Silence is golden. Until it’s not.
When you keep your clients on hold at the end of the phone line, silence is anything else but golden. In the business world, silence is the sound of a lost client. The worst-case scenario is a client to call their insurance company or utility services provider and hear silence after the warm greeting message. Thank you for calling ABC Plumbing, our representatives are all on the line with other clients. Someone will be with you shortly. (blank) (silence) (creepy silence).
Music was created to fill the space. It works like a time killer. It mitigates the unpleasant no-man land of waiting for a friendly voice to pick up the phone and offer help. Or at least this is what it should be. But you can view on-hold music like an opportunity to engage your public. And prevent them from hanging up. Yes, at the start, on-hold music was a way to decrease the perceived waiting time, and get rid of awkward silence, but now companies use it to convey messages and connect with the public.
Why use on-hold music?
The traditional on-hold music is a flat instrumental track that plays on and on, until the customer gets sick of waiting and ends the call. The stereotypical tunes most companies use sound similar to musical wallpaper played in elevators. Muzak was the first company to cover popular songs using instruments only. Over the years, all workplaces and hotels played background mood music. But people became tired with wallpaper music and it wasn’t long until it faced backlash.
Even nowadays, hold music still has a negative connotation when companies opt for the same old instrumental tunes.
Dean Olsher, a New-York based music therapist ,states that hold music can negatively impact mental health because repetitive sounds have similar results to torture. Think about this the next time you visit a Sephora or Starbucks store because they have a short playlist they repeat over and over again. The poor employees.
But only because some companies fail miserably at using on-hold music, it doesn’t mean you shouldn’t use it. The right tracks can calm people as they wait for one of your representatives to answer the phone. Engaging music can even encourage them to stay on the line for longer.
Don’t you dare play the same song one more time
Music has a highly personal nature, and it’s difficult for a company to pick the right tune for the hold time. It should be an innocent sound, but it has the power to provoke a strong emotion and response in the caller. Let’s picture the following scenario. One of your clients has to get in touch with your customer service daily, 7 days a week, 30 days a month. You play the same song for the hold time. It has 3 minutes, and the average client waits for 7 minutes. Sooner or later everyone will snap because they spend hours of their life listening to the same old tune. They’ll even start to hear it in their sleep.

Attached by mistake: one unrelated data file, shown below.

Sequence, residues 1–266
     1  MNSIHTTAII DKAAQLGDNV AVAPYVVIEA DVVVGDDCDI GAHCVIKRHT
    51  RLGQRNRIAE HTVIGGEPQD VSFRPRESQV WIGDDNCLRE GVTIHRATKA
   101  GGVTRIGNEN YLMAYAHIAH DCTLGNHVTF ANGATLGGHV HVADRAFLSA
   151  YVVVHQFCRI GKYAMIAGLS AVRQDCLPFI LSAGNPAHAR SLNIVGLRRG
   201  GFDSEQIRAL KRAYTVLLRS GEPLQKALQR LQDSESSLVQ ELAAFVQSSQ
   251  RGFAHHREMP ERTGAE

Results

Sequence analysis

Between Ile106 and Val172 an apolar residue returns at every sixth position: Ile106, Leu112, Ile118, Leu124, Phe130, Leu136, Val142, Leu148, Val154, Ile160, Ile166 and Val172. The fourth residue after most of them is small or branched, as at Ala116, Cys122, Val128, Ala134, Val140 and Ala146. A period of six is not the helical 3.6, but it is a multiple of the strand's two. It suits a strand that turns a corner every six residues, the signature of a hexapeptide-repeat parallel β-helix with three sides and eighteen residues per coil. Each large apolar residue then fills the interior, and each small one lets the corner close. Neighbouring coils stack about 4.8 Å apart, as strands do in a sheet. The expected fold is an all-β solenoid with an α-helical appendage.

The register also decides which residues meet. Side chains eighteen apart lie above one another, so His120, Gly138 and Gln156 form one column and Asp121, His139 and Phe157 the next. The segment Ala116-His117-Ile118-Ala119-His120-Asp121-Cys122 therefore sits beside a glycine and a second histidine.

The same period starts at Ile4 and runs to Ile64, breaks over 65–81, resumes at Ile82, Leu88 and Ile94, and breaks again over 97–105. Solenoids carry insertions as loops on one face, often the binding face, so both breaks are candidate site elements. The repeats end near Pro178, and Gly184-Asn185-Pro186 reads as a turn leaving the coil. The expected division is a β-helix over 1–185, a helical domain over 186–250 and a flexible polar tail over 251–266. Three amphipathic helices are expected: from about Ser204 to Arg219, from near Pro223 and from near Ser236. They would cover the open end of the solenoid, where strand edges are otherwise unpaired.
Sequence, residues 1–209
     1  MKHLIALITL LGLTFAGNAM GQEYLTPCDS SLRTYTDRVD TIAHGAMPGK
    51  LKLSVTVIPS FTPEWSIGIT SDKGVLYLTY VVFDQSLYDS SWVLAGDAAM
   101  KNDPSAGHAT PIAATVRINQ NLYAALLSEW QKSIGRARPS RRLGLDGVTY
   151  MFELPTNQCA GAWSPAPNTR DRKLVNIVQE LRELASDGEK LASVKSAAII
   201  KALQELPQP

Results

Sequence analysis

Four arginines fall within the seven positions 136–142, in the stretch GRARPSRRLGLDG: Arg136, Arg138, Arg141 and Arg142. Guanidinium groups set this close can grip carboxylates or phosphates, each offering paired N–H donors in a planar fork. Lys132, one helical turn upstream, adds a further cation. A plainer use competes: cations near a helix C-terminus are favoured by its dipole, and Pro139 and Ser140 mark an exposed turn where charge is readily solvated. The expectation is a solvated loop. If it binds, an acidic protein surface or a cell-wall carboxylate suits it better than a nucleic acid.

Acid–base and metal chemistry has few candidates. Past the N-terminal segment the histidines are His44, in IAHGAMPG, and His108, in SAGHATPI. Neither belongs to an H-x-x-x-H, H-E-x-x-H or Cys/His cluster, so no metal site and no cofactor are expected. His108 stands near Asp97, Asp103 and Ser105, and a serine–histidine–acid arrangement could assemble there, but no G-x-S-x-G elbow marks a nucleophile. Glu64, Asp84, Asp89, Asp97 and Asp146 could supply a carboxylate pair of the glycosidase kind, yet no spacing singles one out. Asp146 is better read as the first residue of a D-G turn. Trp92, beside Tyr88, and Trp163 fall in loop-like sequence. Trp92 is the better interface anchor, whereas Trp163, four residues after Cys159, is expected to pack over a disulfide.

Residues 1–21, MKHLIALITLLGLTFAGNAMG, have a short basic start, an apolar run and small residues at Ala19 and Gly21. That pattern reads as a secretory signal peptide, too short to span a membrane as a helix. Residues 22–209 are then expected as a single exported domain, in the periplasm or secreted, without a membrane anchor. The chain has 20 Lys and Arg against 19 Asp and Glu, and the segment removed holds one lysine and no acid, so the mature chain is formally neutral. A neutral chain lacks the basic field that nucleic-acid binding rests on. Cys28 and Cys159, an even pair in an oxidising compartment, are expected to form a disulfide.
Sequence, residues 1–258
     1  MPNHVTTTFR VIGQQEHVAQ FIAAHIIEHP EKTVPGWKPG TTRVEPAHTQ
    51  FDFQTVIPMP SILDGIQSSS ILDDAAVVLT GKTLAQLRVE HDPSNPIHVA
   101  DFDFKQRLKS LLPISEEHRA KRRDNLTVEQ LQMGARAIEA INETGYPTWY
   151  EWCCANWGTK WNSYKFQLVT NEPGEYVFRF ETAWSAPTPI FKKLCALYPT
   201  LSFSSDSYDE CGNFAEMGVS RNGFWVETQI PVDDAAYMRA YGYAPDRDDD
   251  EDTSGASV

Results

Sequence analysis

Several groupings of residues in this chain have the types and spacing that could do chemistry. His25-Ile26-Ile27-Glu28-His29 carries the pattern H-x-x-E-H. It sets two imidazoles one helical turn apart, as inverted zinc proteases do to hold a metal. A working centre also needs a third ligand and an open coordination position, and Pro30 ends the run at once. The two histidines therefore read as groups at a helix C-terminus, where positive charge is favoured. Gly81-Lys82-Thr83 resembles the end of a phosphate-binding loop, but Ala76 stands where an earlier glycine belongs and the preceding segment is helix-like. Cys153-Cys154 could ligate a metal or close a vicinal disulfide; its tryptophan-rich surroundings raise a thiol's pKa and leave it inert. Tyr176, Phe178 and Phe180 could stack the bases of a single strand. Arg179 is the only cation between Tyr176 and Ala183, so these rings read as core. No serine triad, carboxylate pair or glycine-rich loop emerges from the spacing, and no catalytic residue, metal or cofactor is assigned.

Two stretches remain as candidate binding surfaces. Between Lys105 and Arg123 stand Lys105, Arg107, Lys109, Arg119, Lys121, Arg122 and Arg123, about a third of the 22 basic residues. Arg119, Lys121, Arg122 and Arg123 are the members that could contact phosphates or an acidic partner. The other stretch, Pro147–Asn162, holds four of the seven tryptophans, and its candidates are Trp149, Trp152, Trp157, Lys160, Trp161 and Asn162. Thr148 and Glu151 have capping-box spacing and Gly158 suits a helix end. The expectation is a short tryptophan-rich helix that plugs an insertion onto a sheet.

But when choosing diverse, high-quality songs, you get another answer. You get them wanting to hear that song again. Have you ever get stuck with a melody in your mind, and you couldn’t wait to grab your phone and play it on YouTube? This is the response you should try to achieve in your clients.
Often, the problem with the on-hold music isn’t the sound itself, but the amount of time, people listen to it. The average individual spends 40 days of their life in a customer service phone queue. Should they listen to the same tune everyone plays? Or are you ready to bring something new and break the wheel?
Providing high-quality customer service is already hard enough without the agonising hold songs. How can you make it easy? Create a varied playlist with mesmerising on-hold songs royalty free websites offer. Your role is to shorten the waiting time, or at least create the impression it’s shorter.
I want thoughtful on-hold music
What music would you like to listen to when you wait for a call-canter operator to answer?
I want thoughtful songs.
Get creative with the on-hold music and embrace it as an opportunity to make your clients smile from the moment, they dial the number. Did you know that Ikea plays Abba songs, Admiral has a Star Wars soundtrack, and the Jamaican High Commission plays Bob Marley’s songs?
Listen to the sings before adding them to your hold playlist because you may end up with Elton John’s Rocket Man and “I think it’s going to be a long, long time…”. And you can bet your customers will immediately hang up the phone because no one wants to hear that they need to wait for minutes before someone answers their call.
And don’t interrupt the song with lines like Someone will be with you shortly. Let them emerge into listening to music.
Play it right
When you create the on-hold message, consider some aspects. Determine how frequently your clients need customer service, how long they’re put on hold, the caller demographic, and their gender. Bearing these things in mind, develop a plan to create an engaging experience. When the average waiting time is 6 minutes, it’s not ideal playing a 2 minutes tune on repeat.
Check the sound quality over the phone because not even Beyoncé sounds good on an old phone.
Some studies show that jazz and classical music relaxes people. Research also reveals that rap can fight depression, and pop music increases performance when exercising. But the truth is that the effect the musical genre has on the caller depends on their personal taste.
It’s wise to stay away from songs whose lyrics, people can interpret sarcastically or ironically. You may like Taylor Swift, but she isn’t the right artist to play in your clients’ ears when they wait for a plumber to fix their leaky pipes.
The bottom line is that on-hold music can calm your clients when picked right. But it requires extensive research and trial, to understand what tunes get the best response.